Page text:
Unconventional Gas: Cheap Gas Coming?


In the last decade America has rapidly developed a new source of gas found naturally in rocks. It now provides a fifth of national needs. Such gas is present in Europe too, and whether or not it is practical to extract it, it is already having an effect on future supplies.

In the last decade America has rapidly developed a new source of gas found naturally in rocks. It now provides a fifth of national needs. Such gas is present in Europe too, and whether or not it is practical to extract it, it is already having an effect on future supplies.

Gas has obvious advantages as an energy source. It is plentiful, relatively clean environmentally, easy to handle, with very high efficiency when converting into useful energy. It has also recently hit the headlines as a result of what is being called the ‘shale revolution’. This refers to a dramatic increase in domestic gas production in the United States.

Last year, US natural gas production was 593 billion cubic metres compared to 524 billion in 2006. This sharp increase was completely unexpected. Before 2007, everyone thought US domestic gas production was about to slip into terminal decline with imports rising dramatically.

The reason for this change lay in the development of unconventional gas resources. These include tight gas, shale gas and coal bed methane. Tight gas is contained in low porous rocks. Shale gas is found in shale rocks that are both the source of the gas and the means of its storage. Shale gas was central to the increased production story, going from less than one percent of US production in 2000 to twenty percent by last year. Coal bed methane is natural gas found in coal deposits that are of marginal commercial value for producing coal.

In all three cases, this unconventional gas needs assistance to flow to the surface and different drilling techniques – horizontal as opposed to vertical – and hydraulic fracturing: the high pressure injection of water, chemicals and sand into the rock structures to free the gas.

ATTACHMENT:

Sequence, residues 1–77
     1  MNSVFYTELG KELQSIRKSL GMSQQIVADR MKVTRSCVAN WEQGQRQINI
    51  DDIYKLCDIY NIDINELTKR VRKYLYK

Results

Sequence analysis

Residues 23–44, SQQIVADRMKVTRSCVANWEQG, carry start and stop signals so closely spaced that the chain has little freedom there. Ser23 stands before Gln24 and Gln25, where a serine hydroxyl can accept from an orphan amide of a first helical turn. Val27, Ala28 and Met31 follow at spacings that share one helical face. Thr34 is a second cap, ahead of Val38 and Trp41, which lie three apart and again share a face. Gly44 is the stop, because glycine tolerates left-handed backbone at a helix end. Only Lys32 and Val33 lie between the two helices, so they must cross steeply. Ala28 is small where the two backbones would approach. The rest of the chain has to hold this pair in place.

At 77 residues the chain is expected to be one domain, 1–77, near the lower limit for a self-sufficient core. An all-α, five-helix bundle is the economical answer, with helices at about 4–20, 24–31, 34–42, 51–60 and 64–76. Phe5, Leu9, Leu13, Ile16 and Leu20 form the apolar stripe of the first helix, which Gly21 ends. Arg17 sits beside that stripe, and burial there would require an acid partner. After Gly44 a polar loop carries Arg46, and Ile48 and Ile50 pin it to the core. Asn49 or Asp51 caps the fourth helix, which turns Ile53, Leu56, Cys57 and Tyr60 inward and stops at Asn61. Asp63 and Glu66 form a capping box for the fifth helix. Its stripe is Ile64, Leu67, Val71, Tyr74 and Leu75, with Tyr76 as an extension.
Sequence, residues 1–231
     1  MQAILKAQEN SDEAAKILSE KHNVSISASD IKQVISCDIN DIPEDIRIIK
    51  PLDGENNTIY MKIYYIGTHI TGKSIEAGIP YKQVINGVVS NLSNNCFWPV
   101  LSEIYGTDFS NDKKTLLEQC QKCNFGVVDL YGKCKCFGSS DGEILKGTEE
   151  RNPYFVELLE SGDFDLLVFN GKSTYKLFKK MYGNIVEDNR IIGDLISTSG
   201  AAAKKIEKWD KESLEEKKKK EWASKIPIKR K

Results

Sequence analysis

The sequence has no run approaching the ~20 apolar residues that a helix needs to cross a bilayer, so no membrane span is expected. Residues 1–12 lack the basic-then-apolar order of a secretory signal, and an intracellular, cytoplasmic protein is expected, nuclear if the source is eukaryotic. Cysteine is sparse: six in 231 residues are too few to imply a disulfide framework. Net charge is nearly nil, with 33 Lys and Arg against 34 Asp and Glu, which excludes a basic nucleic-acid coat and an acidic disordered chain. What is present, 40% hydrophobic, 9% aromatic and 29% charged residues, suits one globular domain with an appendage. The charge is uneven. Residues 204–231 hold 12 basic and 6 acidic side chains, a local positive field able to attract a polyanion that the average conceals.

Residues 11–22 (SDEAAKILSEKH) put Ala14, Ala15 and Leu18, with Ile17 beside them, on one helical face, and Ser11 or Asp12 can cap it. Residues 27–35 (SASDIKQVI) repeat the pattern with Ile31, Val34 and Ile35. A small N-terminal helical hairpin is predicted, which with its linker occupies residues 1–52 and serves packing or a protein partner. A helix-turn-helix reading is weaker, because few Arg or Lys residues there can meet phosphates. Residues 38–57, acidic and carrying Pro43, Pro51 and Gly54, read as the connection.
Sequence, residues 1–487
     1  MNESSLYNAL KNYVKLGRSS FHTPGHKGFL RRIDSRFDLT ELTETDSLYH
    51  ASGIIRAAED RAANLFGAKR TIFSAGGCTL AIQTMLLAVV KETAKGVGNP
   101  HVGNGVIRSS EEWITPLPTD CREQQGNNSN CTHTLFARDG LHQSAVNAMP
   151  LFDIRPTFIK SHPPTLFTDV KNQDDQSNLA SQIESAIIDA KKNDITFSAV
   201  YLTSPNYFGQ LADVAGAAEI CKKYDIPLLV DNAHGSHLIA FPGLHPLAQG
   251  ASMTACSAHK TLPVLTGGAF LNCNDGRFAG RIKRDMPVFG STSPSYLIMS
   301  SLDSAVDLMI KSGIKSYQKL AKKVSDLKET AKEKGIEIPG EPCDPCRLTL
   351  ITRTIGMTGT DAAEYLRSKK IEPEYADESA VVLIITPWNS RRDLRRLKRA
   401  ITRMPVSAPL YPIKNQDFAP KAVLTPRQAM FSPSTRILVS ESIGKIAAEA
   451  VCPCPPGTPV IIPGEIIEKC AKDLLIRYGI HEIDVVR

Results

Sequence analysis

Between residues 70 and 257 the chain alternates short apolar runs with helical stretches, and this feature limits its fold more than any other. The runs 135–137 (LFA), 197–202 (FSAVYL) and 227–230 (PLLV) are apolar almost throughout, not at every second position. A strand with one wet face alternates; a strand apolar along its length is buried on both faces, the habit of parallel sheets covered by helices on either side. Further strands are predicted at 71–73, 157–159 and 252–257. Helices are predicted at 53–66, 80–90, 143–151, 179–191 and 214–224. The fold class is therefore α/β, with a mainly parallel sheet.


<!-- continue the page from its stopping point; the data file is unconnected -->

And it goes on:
The potential resources of such gas are huge. Last year, proven conventional global gas reserves equalled 185 billion cubic metres, while the National Petroleum Council’s 2007 estimate for tight gas, for coal bed methane and shale gas was some five times greater than those conventional reserves.



The question now is whether the US shale revolution might be feasible elsewhere. In particular, there is great hype in western Europe, where unconventional gas exploration is just beginning, notably in Poland. If a shale revolution did happen, it would be a serious game changer.

Western Europe, which is two-thirds dependent on gas imports – a figure expected to rise – could become self-sufficient. Russia’s gas exports would face serious competition, undermining efforts to use energy to promote state power. Global gas prices, already falling following the shale revolution in the US, could drop even further. This might encourage the major gas exporters to create an Organization of Gas Exporting Countries (OGEC) to defend their revenues.

All these possible consequences are conditional on whether the US shale experience can be replicated. A number of favourable circumstances exist in America but are not present in Europe. There was a huge amount of geological data from old cores kept from previous drilling. Shale plays – shale reserves are called plays rather than fields reflecting the large geographic areas involved – overlay conventional oil and gas fields which had been extensively explored.